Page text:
What to do about your baby or toddler throwing food?

What can you do about the food throwing!?

The answer depends on the root cause - a one-size-fits-all approach wont work here!

Has your baby or toddler developed a "fun" new habit of throwing their food on the floor? Is your family dog eating more than your child at mealtimes? Are you constantly on your hands and knees cleaning the floor after mealtimes?

For babies and young toddlers (less than 18 months) the best approach is to simply ignore the behaviour. Maybe calmly pick up the food off the floor and put it back on the table but in general, try not to make a scene. As your toddler grows and starts to understand simple commands, like "put this in there", you can start to teach them what you want them to do.

Root Causes of Food Throwing

Before you react to food throwing, try looking at what is creating this behaviour:

Trajectory Schema

The trajectory schema, or "throwing phase" happens when your toddler is learning how the world works, cause-and-effect, and "what happens when I throw this from this height".

If your toddler is generally going throw a throwing phase, try to encourage more throwing activities in their day. Throwing balls and appropriate toys of different textures from different heights.

Looking for a Reaction

Food throwing usually starts when your baby is first learning about cause-and-effect. That is why it is important not to react or create a scene. If your baby notices they can get a rise out of you by throwing food on the floor, they will probably keep testing this. Those frustrating little scientists.

Start by ignoring the behaviour and instead focus on preventing it in the first place by:

1. Offering only one piece of each food at a time, or smaller portions

2. Putting the dog in another room during meals

3. Eating with your child, or sitting with them while they eat, without distraction

For older toddlers (20months+), it is still important to respond calmly and not make a scene about food throwing. As they start to learn how to follow basic directions you can begin to teach them what you WANT them to do (rather than reacting to what you DON'T want them to do). Saying calmly "food goes here" and pointing to either a discard bowl, your own plate, or a napkin (where you want them to put unwanted food) will be more likely to solve food throwing eventually.

Done Eating

Throwing might just be a sign that they're finished and wanting to play. If this is the case, calmly remove them from the table. You could say something like "You are throwing your food, I assume this means you are done eating".

Your child knows how much their body needs and how much they want to eat of the food you have offered. Try to avoid putting any pressure on your toddler to eat. If they are showing signs that they are done eating, there is no point in trying to get them to eat the amount you think they should eat.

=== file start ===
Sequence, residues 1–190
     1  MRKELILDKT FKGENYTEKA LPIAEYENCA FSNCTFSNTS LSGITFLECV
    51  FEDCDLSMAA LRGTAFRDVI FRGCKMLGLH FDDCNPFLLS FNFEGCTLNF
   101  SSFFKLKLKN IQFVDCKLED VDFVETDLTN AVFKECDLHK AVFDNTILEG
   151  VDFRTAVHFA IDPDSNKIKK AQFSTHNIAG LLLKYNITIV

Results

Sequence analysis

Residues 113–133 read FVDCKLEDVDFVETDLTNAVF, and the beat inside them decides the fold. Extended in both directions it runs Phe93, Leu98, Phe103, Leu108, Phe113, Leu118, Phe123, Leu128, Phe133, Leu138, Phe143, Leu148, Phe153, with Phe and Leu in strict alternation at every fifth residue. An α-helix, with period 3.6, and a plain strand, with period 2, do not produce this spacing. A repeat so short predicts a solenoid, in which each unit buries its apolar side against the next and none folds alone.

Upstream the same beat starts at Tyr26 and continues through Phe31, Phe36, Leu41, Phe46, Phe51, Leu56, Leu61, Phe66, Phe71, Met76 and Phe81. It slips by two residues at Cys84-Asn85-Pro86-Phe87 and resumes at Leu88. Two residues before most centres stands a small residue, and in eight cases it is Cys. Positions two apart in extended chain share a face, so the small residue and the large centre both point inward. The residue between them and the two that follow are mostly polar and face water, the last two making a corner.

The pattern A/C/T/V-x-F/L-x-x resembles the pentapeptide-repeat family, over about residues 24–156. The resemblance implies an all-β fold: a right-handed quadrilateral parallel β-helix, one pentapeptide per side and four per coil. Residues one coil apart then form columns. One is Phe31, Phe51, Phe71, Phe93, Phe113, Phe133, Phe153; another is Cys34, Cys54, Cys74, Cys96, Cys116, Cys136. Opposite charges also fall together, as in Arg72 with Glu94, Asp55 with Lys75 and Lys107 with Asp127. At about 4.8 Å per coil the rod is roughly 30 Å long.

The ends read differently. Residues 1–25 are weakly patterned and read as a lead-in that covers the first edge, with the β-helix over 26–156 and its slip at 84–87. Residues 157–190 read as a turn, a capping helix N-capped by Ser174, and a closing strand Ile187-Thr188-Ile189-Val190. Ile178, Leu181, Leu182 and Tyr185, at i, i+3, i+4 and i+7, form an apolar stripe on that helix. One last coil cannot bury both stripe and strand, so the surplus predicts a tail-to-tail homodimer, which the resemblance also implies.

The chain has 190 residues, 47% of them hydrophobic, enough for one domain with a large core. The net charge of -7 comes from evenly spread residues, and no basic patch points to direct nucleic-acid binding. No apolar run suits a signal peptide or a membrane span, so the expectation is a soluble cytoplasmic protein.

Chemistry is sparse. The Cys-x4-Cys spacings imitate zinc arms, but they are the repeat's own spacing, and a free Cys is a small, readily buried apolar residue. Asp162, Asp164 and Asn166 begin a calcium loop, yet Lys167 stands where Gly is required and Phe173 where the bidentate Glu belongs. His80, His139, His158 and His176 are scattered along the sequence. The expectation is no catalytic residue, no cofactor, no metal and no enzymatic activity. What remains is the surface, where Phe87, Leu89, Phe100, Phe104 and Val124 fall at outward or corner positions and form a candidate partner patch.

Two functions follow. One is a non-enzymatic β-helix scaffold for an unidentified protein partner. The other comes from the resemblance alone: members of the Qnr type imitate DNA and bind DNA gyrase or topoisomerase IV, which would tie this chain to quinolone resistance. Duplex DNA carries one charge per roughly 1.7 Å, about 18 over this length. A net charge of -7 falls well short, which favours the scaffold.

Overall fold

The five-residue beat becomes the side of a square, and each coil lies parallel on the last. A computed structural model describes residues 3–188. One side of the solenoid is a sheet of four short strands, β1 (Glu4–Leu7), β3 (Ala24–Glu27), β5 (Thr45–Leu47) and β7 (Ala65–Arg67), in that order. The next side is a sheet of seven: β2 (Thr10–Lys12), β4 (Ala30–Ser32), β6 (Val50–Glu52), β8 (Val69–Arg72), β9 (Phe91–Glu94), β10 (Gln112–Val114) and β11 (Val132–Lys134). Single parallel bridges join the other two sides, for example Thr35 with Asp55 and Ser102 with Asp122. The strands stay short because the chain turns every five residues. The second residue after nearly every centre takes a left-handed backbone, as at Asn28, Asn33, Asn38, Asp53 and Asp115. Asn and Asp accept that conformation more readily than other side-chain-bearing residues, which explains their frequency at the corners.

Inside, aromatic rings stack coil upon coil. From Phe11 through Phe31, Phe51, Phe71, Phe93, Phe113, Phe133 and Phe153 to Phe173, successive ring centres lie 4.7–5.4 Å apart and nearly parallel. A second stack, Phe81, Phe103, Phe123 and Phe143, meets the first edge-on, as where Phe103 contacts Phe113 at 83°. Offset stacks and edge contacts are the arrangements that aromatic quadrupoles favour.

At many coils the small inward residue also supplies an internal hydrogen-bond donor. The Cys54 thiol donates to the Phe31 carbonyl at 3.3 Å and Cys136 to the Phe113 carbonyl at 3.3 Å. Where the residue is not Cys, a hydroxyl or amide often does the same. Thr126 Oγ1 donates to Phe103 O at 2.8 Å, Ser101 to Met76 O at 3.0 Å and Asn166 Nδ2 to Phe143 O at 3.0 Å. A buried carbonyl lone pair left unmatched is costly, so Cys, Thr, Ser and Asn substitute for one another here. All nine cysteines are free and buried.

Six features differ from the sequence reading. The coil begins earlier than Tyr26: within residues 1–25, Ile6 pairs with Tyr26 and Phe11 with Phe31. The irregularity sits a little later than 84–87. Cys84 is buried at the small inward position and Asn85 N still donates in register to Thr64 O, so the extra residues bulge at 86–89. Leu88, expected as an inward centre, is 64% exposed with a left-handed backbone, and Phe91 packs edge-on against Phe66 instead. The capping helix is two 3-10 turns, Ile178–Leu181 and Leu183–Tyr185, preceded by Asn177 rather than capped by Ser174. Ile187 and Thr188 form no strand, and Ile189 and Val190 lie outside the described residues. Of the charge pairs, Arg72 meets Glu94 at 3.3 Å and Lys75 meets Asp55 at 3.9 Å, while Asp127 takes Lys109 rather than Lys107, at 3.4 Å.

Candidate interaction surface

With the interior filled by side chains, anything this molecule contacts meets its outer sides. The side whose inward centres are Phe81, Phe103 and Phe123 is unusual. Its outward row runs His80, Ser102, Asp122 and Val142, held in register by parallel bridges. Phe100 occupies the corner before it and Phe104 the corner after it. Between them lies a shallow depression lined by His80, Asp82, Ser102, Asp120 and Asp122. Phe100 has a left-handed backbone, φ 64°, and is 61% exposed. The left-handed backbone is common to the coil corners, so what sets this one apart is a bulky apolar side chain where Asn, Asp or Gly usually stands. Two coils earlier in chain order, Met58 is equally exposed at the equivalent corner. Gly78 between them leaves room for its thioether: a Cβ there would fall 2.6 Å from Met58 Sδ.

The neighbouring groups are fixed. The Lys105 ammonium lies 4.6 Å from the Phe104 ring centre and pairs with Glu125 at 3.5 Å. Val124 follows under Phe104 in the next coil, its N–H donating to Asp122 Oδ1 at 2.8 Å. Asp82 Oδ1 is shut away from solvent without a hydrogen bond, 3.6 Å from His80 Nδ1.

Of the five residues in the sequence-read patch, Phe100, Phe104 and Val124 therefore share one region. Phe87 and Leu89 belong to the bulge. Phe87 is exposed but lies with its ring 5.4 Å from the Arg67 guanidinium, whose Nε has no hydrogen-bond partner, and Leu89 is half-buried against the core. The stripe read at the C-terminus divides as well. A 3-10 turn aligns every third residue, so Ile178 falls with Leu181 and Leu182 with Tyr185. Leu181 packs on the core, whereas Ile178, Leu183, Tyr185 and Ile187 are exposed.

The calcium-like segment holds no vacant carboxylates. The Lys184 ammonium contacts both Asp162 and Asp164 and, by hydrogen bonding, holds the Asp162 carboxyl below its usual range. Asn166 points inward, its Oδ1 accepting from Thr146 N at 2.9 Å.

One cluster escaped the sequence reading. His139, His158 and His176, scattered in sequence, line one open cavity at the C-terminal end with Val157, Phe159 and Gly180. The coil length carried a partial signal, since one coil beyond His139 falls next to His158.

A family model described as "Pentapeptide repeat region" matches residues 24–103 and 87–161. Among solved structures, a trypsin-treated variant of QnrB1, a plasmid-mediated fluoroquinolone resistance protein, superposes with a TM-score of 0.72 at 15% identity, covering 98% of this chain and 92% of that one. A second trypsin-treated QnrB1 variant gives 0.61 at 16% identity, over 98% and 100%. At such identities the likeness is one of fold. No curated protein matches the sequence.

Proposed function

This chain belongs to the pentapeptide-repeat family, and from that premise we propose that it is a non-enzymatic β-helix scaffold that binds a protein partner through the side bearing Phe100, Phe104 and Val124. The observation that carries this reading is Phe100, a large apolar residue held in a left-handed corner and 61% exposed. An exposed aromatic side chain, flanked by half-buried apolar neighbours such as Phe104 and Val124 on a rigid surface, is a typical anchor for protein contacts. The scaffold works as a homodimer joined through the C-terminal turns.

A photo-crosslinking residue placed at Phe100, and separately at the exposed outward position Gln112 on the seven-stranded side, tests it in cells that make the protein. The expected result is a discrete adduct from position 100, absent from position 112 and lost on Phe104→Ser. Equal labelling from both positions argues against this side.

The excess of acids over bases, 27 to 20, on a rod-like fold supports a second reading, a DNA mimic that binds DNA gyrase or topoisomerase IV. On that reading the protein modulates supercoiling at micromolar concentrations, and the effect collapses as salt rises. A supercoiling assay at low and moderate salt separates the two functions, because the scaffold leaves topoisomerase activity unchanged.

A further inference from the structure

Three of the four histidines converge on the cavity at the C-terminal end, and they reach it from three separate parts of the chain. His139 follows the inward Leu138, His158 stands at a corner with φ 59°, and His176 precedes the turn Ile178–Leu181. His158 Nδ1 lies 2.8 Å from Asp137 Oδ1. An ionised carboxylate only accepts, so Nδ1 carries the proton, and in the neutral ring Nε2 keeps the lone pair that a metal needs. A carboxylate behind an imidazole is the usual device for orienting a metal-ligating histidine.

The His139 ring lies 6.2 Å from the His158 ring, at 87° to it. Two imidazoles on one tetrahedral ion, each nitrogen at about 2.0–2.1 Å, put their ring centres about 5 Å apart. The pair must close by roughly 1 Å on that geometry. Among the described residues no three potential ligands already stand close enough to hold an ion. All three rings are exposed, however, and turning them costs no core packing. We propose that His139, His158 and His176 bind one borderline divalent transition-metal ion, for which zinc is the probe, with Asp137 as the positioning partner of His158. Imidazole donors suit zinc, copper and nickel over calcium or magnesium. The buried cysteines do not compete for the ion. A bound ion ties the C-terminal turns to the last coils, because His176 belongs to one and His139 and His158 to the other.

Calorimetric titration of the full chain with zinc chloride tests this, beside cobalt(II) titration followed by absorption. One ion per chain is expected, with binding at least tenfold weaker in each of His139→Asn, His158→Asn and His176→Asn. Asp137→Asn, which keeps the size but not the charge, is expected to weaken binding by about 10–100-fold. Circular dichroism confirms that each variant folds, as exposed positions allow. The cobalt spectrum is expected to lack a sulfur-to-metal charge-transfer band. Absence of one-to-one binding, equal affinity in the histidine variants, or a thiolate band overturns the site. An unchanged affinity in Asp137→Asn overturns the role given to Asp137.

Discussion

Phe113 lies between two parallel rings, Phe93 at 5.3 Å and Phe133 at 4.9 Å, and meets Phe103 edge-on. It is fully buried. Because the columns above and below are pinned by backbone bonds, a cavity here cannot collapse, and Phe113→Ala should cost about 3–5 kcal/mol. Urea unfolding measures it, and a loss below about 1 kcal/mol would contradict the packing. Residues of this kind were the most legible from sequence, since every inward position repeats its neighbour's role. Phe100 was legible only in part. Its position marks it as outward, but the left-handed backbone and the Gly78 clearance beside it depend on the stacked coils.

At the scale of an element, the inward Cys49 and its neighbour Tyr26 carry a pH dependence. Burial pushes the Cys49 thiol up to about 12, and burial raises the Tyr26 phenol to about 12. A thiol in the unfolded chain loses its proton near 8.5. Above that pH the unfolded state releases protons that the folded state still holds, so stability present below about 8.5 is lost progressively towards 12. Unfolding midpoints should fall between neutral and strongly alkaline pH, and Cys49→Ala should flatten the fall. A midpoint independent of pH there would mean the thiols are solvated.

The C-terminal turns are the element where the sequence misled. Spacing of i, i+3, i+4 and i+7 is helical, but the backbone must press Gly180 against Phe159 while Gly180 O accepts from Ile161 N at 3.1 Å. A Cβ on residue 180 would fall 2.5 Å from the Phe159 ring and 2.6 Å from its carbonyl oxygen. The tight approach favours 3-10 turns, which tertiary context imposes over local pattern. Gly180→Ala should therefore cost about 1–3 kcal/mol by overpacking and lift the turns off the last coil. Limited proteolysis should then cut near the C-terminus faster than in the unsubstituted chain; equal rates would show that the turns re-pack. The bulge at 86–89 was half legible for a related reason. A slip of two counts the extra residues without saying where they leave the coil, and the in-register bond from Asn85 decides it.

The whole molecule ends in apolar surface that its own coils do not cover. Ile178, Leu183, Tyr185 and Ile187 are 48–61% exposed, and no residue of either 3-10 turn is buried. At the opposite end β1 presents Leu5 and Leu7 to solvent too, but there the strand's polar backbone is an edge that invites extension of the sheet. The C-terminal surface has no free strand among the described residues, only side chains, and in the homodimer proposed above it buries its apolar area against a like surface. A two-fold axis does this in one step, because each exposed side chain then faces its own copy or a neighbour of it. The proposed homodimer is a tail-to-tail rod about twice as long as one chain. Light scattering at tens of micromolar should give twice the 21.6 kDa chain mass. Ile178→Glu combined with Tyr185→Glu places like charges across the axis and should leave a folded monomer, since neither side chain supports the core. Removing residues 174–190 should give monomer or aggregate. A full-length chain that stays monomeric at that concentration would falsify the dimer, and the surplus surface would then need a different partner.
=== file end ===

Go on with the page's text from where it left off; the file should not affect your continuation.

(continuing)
Too Much Food on the Plate

Your baby or toddlers' desired portion size can be a lot smaller than you think. If you are pre-plating for your child, try starting with 1 tbsp of each food or try family-style meals where they choose how much goes on their plate.

New Food or Disliked Food on the Plate

If your baby or toddler is feeling uncomfortable with a food (or is just uninterested in eating it at that meal), they might just be looking for a place to get rid of it.

When offering a new food, or a food they frequently throw, try putting it on a separate learning plate so they can be free to explore it without the pressure to eat it.

Offer a specific location for where they can put unwanted food, like a discard bowl or a napkin. When you see your toddler about to throw the food, calmly remind them where the unwanted food is to go.

Mealtime Overwhelm

Putting pressure on your child to eat ("take one bite", "eat your food"), stressful adult conversation at the table, screens at the table, distracted adults, eating alone, loud siblings...these things can feel overwhelming for young children and could lead your child to look for an outlet, or attention. Put yourself if your child's shoes and see if there is anything at the table that might be making them feel overwhelmed.

Try and keep mealtimes calm, mindful, and positive as much as possible.

Remember that all phases eventually pass. With calm mealtimes, adult modeling of appropriate behaviours, and plenty of patience, eventually your child will stop throwing food (except maybe for the occasional food fight at summer camp).

For a simple cheat sheet for building toddler snacks (with 20 different toddler friendly snack examples) subscribe to the Nourished Nest Nutrition newsletter for the free Toddler Snack Builder download.

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